TAC 2017 eskandar

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TAC 2017 eskandar

Postby eskandar » 2017-02-02, 8:45

I think this year I'll try to track some of my progress in language learning on here. My main goals will be to work on Persian, Urdu, and Arabic. I'll also mess around with French and Italian.

Persian: I think I'm at a similar level in Persian to where Vijay is with Malayalam (maybe slightly lower, especially as I didn't start learning it until much later in life, though I'm arrogant enough to give myself four stars anyway). My main goal is to maintain high proficiency and continue building my range of vocabulary and expression. Aside from things I read for research, I might want to read some novels, or go back through the classical poetry I studied years ago. I also want to (re-)watch a bunch of Iranian movies.

Urdu: I'm reading a lot of Urdu these days for my dissertation. It might be worthwhile to post my notes on vocabulary or translations here. I really want to improve my speaking and aural comprehension, so I'll try to suspend my boredom through some dramas or Bollywood movies or something. I watched half of Kuch Kuch Hota Hai without subtitles the other week and will try to finish it when I find the time. I'm toying with the idea of spending a month in Pakistan this summer, though I'm not sure if it will be practical.

Arabic: I've decided I want to resume serious Arabic study after a year and a half of mostly putting it aside. I might pick up where I left off by reviewing my notes from the summer I spent in Cairo, working through some textbooks, or going back over the literature I read while there. I have a short story or two I'd like to translate as well. My focus will remain on standard Arabic, but since I'm moving to an area with an Iraqi refugee community I might try to pick up some Iraqi, a dialect I've always found both fascinating and impenetrable.

French: I've mostly given up on getting better at speaking and writing and just want to read more in French. I think if I put some time into it, I'm not far off from a place where I'd be reading pretty comfortably. No plans to dedicate serious time to French, though.

Italian: Every few years I get the bug to learn to read Italian since there are things I want to read in it. I wish there were an option in Duolingo to only focus on reading comprehension and Italian>English translation. I like phone apps and especially gamefied learning like Duolingo because I can spend a few minutes of downtime throughout the day staying engaged with a language, but I have zero interest whatsoever in speaking Italian. If I find the motivation I'll work my way through "Essential Italian Grammar" and then try to start reading texts with a dictionary.
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Re: TAC 2017 eskandar

Postby dEhiN » 2017-02-03, 15:08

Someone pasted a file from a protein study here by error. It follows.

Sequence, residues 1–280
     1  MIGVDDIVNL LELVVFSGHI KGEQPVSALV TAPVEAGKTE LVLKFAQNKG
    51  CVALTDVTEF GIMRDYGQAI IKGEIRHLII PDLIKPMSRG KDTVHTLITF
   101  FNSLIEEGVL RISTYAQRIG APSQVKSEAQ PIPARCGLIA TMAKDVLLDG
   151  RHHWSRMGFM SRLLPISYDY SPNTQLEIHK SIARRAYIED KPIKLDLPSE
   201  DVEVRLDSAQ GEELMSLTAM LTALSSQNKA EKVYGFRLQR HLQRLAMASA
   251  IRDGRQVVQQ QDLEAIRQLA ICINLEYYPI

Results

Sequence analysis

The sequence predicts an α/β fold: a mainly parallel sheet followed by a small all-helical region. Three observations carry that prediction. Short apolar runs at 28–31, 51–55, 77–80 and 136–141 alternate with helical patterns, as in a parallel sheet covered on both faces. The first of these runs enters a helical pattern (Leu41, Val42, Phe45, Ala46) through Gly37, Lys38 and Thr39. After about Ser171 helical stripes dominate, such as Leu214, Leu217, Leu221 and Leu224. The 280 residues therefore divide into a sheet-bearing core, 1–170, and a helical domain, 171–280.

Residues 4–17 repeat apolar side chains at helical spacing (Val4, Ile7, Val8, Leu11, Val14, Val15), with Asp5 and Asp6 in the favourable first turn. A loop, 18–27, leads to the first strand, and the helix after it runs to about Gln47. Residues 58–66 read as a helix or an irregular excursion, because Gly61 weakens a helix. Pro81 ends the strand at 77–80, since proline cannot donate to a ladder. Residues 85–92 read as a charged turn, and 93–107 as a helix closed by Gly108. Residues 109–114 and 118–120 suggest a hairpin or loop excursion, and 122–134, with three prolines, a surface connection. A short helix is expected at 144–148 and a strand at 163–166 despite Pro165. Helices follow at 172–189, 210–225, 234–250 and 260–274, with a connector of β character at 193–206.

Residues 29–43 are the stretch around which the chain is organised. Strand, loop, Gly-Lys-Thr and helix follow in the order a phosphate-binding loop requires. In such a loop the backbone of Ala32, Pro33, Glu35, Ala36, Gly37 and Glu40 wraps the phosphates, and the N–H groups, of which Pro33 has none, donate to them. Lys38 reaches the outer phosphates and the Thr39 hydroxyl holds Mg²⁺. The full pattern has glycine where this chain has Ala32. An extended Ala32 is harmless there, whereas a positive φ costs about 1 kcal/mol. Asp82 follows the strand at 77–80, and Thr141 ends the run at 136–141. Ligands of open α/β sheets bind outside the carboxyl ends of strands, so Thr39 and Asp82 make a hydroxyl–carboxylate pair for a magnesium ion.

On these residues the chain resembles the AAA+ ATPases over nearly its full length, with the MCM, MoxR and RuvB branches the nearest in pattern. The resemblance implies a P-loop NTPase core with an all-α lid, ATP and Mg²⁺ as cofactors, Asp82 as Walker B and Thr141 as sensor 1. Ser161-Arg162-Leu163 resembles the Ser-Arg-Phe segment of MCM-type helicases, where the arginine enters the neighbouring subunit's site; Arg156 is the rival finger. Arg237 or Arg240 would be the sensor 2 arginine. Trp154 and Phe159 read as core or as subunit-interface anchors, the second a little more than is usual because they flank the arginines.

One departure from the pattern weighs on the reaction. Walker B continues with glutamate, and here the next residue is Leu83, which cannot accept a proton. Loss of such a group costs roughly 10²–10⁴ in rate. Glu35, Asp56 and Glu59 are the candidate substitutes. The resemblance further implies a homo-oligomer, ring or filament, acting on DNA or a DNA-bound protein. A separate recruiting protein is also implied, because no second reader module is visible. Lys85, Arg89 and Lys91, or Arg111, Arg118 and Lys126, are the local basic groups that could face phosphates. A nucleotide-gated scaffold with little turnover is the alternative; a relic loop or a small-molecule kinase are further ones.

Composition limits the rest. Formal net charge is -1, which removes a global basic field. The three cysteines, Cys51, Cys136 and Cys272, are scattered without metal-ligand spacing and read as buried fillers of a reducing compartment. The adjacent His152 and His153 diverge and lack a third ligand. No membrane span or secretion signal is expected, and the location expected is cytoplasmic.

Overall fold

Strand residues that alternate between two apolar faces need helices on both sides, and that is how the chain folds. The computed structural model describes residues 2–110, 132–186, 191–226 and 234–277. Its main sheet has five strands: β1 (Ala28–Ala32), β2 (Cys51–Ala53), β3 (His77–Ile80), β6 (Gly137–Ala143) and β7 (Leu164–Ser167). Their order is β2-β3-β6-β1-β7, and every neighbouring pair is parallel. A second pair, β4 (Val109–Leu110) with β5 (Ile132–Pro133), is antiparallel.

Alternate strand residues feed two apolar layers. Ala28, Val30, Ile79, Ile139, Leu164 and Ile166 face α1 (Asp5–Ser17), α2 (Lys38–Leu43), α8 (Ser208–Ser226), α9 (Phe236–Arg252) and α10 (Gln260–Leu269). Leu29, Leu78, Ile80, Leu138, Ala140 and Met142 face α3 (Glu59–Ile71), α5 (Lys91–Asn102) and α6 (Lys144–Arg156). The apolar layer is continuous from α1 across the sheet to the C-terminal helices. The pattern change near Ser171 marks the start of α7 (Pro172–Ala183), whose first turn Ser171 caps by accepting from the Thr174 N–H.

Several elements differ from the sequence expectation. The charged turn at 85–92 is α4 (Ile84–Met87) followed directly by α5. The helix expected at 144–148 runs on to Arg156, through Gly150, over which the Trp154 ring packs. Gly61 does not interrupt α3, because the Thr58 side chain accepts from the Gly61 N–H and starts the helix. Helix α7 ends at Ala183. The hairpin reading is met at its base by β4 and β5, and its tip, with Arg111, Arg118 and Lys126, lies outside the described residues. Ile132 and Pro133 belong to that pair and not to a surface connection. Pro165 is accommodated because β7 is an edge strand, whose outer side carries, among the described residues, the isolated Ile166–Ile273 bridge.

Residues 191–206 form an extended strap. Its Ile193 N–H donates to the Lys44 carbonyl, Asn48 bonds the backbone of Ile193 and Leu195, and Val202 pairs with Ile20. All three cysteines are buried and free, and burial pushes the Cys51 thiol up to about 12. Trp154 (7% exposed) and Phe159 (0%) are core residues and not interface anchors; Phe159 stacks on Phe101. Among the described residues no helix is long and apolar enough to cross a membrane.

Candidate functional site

eskandar wrote:I wish there were an option in Duolingo to only focus on reading comprehension and Italian>English translation.

You can specify in settings that you have no mic. I think you can also specify that you have no speakers. There was one time, at least on Duolingo for Android, where I had neither and I was able to only get translation exercises. Of course that meant any new word I learned, I wouldn't be able to hear its pronunciation.

Edit: Yes, I just confirmed. Under Settings > Accessibility, there are two options: "Speaking exercises" and "Listening exercises". There's also a way to turn of sound effects. And on the website, you can go to Account Settings, and there are the options On/Off for both "Microphone" and "Speaker" (as well as "Voice autoplay" and "Sound effects".
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(N)  (en-ca) | (B1)  (fr) (pt-br) | (A2)  (es-co) | (A1)  (ja) (ko) (sv) (ta-lk)
(A0)  (de) (fy) (haw) (hi) (hu) (id) (it) (nah) (oc) (oj) (pl) (ro) (ru) (sq) (tl) (tr) (zh)

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Re: TAC 2017 eskandar

Postby eskandar » 2017-02-03, 17:07

Thanks dEhiN. That takes care of some exercises but leaves the "translate this sentence into Italian" exercises. I wish you could make it entirely "translate from Italian into English," and eliminate the multiple choice which is too easy.
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Re: TAC 2017 eskandar

Postby dEhiN » 2017-02-03, 19:18

Actually it surprised me the first time I tried Duolingo and saw that they teach you to translate both directions. I remember a friend of mine who studied Translation Studies with French was taught that it's better to translate from a foreign language into your native tongue. I believe the reasoning is that no matter how good you are in a foreign language, writing in it is different because you'll never quite get all the connotations and nuances. That only really comes from a native language - a language you grew up speaking and think in.
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(N)  (en-ca) | (B1)  (fr) (pt-br) | (A2)  (es-co) | (A1)  (ja) (ko) (sv) (ta-lk)
(A0)  (de) (fy) (haw) (hi) (hu) (id) (it) (nah) (oc) (oj) (pl) (ro) (ru) (sq) (tl) (tr) (zh)

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Re: TAC 2017 eskandar

Postby vijayjohn » 2017-02-03, 19:19

Oops, I meant to tell eskandar about skipping the listening exercises but forgot! :ohwell:

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Re: TAC 2017 eskandar

Postby eskandar » 2017-02-10, 7:11

Persian: I watched an episode of Afghan Star to try to better familiarize myself with Afghan Persian. It's interesting to notice how differently people seem to talk; some I understand almost effortlessly whereas others I can barely understand at all.

Urdu: Slowly working my way through an Urdu nazm. If any Urdu speakers here (Vijay, Saim, Meera?) are interested in trying to tackle it I could post it here.